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On Election Day, Lowell, Malden Among U.S. Cities To Be Monitored By Justice Department04:17
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Voters arrive and depart at a polling station for Massachusetts' primary election in the East Boston neighborhood of Boston in 2016. Voting materials appear here in several languages. (Michael Dwyer/AP)
Voters arrive and depart at a polling station for Massachusetts' primary election in the East Boston neighborhood of Boston in 2016. Voting materials appear here in several languages. (Michael Dwyer/AP)
This article is more than 1 year old.

A day ahead of the 2018 midterms, the Justice Department announced it will monitor nearly three dozen communities, including two Massachusetts cities, for compliance with federal voting rights laws on Election Day.

Lowell and Malden — which are among the more diverse cities in the state — made the list of 35 places in 19 states where the DOJ said it will scrutinize polling stations.

In a press release Monday, the DOJ said staffers from its Civil Rights Division will gather information at the polls on a number of scenarios, including whether voters are subjected to different voting qualifications based on race or language; how voters with disabilities are accommodated; and whether locations are complying with voter registration list requirements.

According to a DOJ official, the Civil Rights Division chooses jurisdictions for monitoring based on information from state and local election officials and community members. The office said it tells local election officials ahead of time about the monitoring.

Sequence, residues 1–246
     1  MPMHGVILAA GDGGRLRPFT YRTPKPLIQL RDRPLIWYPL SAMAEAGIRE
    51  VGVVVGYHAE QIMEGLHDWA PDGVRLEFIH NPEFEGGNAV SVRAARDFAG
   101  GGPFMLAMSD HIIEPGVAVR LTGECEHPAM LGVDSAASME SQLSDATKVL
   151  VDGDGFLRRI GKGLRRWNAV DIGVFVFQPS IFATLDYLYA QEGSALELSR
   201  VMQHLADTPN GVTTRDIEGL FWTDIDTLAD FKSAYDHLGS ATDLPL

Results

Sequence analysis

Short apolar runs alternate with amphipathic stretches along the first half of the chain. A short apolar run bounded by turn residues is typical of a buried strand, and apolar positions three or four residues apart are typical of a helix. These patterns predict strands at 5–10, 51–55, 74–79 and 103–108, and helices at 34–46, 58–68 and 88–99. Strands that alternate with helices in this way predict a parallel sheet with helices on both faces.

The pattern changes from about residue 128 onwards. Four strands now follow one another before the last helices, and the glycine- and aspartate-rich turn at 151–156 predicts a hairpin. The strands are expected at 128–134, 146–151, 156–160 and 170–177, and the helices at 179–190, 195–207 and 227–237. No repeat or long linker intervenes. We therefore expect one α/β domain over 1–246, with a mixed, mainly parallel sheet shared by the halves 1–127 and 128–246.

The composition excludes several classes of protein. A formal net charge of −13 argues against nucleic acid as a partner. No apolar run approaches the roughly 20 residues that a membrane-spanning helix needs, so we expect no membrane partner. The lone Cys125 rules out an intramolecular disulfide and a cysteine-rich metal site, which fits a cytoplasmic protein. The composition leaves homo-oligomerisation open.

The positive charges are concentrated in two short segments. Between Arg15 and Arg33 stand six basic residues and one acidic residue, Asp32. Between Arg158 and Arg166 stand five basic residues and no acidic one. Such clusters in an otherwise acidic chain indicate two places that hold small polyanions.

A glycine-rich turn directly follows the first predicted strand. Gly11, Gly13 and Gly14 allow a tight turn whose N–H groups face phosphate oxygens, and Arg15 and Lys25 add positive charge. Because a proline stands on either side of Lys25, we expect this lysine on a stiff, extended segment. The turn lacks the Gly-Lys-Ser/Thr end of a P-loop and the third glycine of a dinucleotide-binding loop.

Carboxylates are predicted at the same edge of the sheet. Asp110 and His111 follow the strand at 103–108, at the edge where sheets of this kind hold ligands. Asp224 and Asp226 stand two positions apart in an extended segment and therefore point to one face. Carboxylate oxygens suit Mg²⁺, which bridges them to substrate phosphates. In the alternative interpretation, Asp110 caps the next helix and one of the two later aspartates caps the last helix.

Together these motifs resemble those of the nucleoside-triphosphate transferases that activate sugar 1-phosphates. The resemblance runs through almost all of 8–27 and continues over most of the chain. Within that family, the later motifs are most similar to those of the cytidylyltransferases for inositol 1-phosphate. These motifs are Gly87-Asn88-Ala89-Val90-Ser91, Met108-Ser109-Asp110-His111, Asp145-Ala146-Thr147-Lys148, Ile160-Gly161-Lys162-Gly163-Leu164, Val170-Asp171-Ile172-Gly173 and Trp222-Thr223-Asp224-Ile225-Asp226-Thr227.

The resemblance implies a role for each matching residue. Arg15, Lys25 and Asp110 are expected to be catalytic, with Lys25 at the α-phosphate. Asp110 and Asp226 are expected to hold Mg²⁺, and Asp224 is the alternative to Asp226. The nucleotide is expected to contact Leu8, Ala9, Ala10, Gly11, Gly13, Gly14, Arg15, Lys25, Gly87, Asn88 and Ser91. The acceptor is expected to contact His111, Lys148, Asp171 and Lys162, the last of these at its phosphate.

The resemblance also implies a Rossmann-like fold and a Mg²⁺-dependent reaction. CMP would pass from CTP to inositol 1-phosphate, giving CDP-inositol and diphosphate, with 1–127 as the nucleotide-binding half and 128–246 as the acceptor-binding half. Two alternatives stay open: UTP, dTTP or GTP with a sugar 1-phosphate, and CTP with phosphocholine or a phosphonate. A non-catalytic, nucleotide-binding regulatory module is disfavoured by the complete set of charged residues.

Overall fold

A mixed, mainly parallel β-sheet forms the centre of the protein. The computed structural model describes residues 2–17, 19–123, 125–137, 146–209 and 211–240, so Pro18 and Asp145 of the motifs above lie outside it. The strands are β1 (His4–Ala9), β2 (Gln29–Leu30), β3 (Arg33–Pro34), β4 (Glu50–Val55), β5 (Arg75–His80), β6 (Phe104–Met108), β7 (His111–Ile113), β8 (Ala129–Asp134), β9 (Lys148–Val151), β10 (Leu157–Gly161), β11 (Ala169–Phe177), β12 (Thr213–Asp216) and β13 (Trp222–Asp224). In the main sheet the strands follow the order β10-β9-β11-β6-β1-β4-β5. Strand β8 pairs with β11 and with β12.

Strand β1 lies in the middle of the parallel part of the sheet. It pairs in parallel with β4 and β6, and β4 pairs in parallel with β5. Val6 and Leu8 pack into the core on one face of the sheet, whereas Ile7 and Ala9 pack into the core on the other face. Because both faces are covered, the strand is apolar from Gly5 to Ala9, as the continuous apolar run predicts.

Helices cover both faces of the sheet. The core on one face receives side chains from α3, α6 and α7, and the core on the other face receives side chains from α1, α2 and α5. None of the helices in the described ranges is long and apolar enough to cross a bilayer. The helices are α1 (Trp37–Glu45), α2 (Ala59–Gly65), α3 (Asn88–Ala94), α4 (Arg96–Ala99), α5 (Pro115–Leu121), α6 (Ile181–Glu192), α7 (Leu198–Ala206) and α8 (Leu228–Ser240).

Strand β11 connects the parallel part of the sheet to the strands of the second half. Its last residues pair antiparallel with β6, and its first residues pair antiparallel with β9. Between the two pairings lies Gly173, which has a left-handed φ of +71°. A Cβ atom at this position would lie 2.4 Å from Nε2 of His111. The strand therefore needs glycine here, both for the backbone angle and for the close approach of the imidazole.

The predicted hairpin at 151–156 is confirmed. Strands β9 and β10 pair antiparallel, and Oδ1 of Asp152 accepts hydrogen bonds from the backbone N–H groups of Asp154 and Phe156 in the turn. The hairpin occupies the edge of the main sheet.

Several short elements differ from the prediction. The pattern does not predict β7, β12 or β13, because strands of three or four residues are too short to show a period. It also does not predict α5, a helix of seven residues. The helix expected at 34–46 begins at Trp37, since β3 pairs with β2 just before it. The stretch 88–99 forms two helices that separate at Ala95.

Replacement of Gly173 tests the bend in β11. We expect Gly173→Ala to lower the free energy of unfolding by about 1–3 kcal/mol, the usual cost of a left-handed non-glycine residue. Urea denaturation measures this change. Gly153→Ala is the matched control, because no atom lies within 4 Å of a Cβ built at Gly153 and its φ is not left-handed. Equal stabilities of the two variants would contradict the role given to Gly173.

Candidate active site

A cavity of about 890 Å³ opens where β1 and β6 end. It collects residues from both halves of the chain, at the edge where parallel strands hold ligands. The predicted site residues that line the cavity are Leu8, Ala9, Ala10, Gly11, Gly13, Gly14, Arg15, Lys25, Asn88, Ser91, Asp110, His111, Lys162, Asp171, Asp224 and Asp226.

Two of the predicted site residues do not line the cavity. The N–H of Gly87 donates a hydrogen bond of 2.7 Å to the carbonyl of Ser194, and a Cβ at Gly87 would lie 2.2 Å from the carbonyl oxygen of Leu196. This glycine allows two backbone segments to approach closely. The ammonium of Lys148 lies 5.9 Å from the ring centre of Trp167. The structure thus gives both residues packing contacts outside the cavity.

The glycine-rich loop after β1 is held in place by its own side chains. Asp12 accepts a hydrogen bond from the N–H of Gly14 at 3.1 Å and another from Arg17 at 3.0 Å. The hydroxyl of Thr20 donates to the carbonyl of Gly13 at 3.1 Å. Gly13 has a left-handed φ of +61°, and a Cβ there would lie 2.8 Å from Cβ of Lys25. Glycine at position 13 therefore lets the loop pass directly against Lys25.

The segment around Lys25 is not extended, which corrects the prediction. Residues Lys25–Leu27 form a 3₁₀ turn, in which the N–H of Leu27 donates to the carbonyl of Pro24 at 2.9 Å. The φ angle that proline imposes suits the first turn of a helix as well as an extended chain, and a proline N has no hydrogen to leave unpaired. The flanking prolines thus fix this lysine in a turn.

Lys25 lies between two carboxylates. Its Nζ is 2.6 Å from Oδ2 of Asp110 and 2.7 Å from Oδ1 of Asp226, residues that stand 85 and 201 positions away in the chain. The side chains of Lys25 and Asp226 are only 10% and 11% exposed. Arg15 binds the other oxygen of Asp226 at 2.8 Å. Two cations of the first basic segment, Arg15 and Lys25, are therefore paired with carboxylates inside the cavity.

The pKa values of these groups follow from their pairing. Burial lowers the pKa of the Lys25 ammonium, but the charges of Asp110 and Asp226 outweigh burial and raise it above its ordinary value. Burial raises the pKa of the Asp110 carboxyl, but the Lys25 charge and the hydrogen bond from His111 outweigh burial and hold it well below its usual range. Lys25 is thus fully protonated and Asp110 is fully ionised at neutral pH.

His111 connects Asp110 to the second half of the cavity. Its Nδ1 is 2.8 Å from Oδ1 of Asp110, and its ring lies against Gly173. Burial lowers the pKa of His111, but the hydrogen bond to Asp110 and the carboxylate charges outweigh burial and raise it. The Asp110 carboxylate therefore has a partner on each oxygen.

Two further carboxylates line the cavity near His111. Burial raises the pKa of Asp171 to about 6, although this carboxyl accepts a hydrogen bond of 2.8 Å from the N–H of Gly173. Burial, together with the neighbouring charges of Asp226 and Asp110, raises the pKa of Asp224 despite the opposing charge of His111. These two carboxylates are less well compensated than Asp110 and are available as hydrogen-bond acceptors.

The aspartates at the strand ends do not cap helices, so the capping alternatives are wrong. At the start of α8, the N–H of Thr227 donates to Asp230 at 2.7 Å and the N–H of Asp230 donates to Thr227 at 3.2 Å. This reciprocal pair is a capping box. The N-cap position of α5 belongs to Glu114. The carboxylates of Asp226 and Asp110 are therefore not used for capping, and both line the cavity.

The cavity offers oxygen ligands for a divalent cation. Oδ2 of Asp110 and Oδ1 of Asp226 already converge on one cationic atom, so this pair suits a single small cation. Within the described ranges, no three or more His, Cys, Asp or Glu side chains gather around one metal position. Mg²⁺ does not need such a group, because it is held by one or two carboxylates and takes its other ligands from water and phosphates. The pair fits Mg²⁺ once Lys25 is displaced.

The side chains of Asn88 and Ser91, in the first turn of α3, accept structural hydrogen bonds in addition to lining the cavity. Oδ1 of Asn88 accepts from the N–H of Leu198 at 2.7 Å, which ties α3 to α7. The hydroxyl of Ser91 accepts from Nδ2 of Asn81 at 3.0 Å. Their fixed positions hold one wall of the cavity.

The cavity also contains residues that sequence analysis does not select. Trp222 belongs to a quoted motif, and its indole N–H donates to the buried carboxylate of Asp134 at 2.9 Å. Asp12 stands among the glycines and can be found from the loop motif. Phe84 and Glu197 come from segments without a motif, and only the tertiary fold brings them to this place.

Lowell and Malden are two of 12 communities in the state required by law to provide voting information in multiple languages.

In Lowell, voting regulations and ballots must be available in English, Spanish and Cambodian, while in Malden, election materials are to be provided in English, Chinese and Taiwanese. The mandate is part of the language minority provisions of the Voting Rights Act. It requires all election information in English also be on hand in a municipality's minority languages at polling stations. That way, all citizens can register to vote, learn about the election and cast a ballot without language barriers. The latest language requirements were decided by the U.S. Census Bureau in December 2016.

Officials in the Malden city clerk's office were unavailable to comment on why the city may have been selected by the Justice Department. The head of Lowell's elections and Census department did not immediately respond to an inquiry.

Attorney General Jeff Sessions said in Monday's press release that voting rights are constitutional rights and should be protected as such.

“This year we are using every lawful tool that we have, both civil and criminal, to protect the rights of millions of Americans to cast their vote unimpeded at one of more than 170,000 precincts across America," Sessions said. "Likewise, fraud in the voting process will not be tolerated. Fraud also corrupts the integrity of the ballot.”

Earlier on Monday, Democratic Secretary of State Bill Galvin said despite "minor efforts" to hack voting systems, there have been zero incidents of election interference in Massachusetts.


This story is part of a collaboration with ProPublica’s Electionland, a project that monitors voting problems across the country. If you have trouble voting, or if you saw something you want to tell us about, here's how you can get involved.

This segment aired on November 6, 2018.

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Shannon Dooling is an immigration reporter at WBUR, Boston’s NPR news station.

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